A few months ago I discussed Trichinorhipis knulli of the tribe Xenorhipidini (family Buprestidae). Members of this tribe exhibit highly sexually dimorphic antennae, with the distal segments of the male antennae highly modified into a very extended flabellate or lamellate condition. The surfaces of the flabellae/lamellae are covered with numerous, presumably olfactory sensillae that are lacking on female antennae (which retain the unmodified serrate condition), strongly suggesting a function involving detection of female sex pheromones. Although chemosensory structures are present on the antennae of nearly all buprestids, the extreme modification exhibited by the males of species in this tribe is not a common occurrence. Nevertheless, similar modifications have evolved independently in a few other genera within the family, including Knowltonia (four species in western North America), Mendizabalia and Australorhipis (monotypic genera in South America and Australia, respectively), and two species of the enormous Australian genus Castiarina. Indeed, males of Knowltonia and the two Castiarina species possess what might be termed ‘bipectinate’ or ‘biflabellate’ antennae due to dual projections from the terminal antennomeres (see Bellamy & Nylander 2007 for a more complete discussion of male antennal modifications in Buprestidae). The tribe Xenorhipidini is the most diverse group in which these modifications have arisen, comprised of the monotypic Trichinorhipis from California and the closely related Hesperorhipis (four species in Arizona and California) and Xenorhipis (until now, 14 species from North and South America and the West Indies).
Photos by Steve Valley (Oregon Department of Agriculture).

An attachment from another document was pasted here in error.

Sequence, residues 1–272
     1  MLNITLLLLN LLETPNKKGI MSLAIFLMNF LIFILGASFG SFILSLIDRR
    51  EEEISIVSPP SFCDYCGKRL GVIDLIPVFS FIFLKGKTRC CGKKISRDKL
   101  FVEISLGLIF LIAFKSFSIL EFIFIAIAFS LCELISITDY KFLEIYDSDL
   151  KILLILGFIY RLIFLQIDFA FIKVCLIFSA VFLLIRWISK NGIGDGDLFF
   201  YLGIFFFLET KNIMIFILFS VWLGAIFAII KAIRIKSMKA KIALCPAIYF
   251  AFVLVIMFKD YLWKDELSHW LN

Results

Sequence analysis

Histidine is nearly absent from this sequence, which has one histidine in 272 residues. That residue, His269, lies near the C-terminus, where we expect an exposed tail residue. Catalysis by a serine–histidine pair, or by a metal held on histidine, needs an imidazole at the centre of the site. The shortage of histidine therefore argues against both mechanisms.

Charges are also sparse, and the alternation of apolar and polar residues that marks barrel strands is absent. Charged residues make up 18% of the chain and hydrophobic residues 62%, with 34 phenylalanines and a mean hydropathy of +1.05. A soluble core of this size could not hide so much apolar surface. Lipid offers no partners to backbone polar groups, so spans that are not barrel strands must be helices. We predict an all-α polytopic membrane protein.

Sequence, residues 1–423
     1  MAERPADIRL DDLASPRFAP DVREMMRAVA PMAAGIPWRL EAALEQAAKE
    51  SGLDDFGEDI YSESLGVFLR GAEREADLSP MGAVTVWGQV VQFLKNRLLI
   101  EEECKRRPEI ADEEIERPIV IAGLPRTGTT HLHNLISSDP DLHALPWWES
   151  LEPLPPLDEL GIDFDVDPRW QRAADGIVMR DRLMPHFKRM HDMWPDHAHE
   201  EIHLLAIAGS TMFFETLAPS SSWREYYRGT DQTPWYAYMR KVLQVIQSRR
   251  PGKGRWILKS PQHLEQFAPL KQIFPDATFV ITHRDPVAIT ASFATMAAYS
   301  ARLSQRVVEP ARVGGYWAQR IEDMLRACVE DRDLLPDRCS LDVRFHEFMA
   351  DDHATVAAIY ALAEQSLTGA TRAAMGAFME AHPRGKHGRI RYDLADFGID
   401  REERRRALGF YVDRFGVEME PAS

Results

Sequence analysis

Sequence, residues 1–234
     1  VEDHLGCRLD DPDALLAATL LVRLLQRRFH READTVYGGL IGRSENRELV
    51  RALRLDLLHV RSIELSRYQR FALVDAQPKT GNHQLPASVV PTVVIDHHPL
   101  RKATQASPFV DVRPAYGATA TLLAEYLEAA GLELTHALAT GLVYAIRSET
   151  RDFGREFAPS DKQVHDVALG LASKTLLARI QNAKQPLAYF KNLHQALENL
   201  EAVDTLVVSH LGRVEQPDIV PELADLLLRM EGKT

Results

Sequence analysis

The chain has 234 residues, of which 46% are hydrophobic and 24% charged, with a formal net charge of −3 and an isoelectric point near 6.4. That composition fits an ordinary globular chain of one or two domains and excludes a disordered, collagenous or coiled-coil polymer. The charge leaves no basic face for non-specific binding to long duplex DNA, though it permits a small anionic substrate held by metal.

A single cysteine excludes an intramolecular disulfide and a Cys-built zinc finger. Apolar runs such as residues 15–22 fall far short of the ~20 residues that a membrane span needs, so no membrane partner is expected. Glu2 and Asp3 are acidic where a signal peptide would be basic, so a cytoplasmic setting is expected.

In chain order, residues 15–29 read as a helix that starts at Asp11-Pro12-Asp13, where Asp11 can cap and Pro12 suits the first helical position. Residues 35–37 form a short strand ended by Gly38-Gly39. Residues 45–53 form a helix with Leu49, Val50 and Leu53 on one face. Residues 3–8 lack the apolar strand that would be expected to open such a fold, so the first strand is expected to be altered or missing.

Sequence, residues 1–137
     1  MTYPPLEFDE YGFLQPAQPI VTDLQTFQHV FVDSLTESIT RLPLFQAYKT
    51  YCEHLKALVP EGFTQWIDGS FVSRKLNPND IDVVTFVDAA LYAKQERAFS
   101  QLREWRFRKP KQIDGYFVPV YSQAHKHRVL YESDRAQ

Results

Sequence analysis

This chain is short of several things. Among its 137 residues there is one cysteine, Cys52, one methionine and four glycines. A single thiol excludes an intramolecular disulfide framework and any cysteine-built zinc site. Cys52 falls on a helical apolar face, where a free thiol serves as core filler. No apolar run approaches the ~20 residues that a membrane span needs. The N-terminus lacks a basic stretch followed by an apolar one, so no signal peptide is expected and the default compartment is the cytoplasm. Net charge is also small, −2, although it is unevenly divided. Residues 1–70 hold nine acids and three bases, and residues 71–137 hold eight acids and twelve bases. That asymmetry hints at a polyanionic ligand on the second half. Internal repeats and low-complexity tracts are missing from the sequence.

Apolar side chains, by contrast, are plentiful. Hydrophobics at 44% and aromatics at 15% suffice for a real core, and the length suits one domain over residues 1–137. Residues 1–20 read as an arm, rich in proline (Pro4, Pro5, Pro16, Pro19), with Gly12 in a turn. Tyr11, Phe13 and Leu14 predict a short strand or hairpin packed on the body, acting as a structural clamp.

In a recent issue of the online journal Zootaxa, Rick Westcott (Oregon Department of Agriculture) describes a new species of Xenorhipis from the Cape Region of Baja California Sur, Mexico. Although assigned to the genus Xenorhipis, the new species – X. bajacalifornica – seems to bridge the gap between the genera Xenorhipis and Hesperorhipis. As currently recognized, Xenorhipis is distinguished from Hesperorhipis by the shape of the posterior coxal plates, which are scarcely narrowed laterally in the former genus, while in the latter genus they are triangular and with the hind margin strongly oblique. In X. bajacalifornica the posterior coxal plates are somewhat triangular but not as acute laterally as in some species of Hesperorhipis. Xenorhipis bajacalifornica also differs from other described Xenorhipis in its strongly abbreviated elytra, which in males barely reach the second ventrite – similar to species of Hesperorhipis. Other described Xenorhipis exhibit less abbreviated elytra, which cover at least the first three ventrites and in some species almost the entire abdomen. Despite these similarities to Hesperorhipis, a consistent distinguishing character between the two genera was found in the male antenna – in Xenorhipis the flabellar processes begin with the second antennomere, while in Hesperorhipis they begin with the third. It was on this basis that the new species was assigned to the genus Xenorhipis. (The genus Trichinorhipis differs from both Xenorhipis and Hesperorhipis by its rounded rather than quadrate pronotum and its unabbreviated elytra that cover the entire abdomen and has, as a result, been placed in its own subtribe.)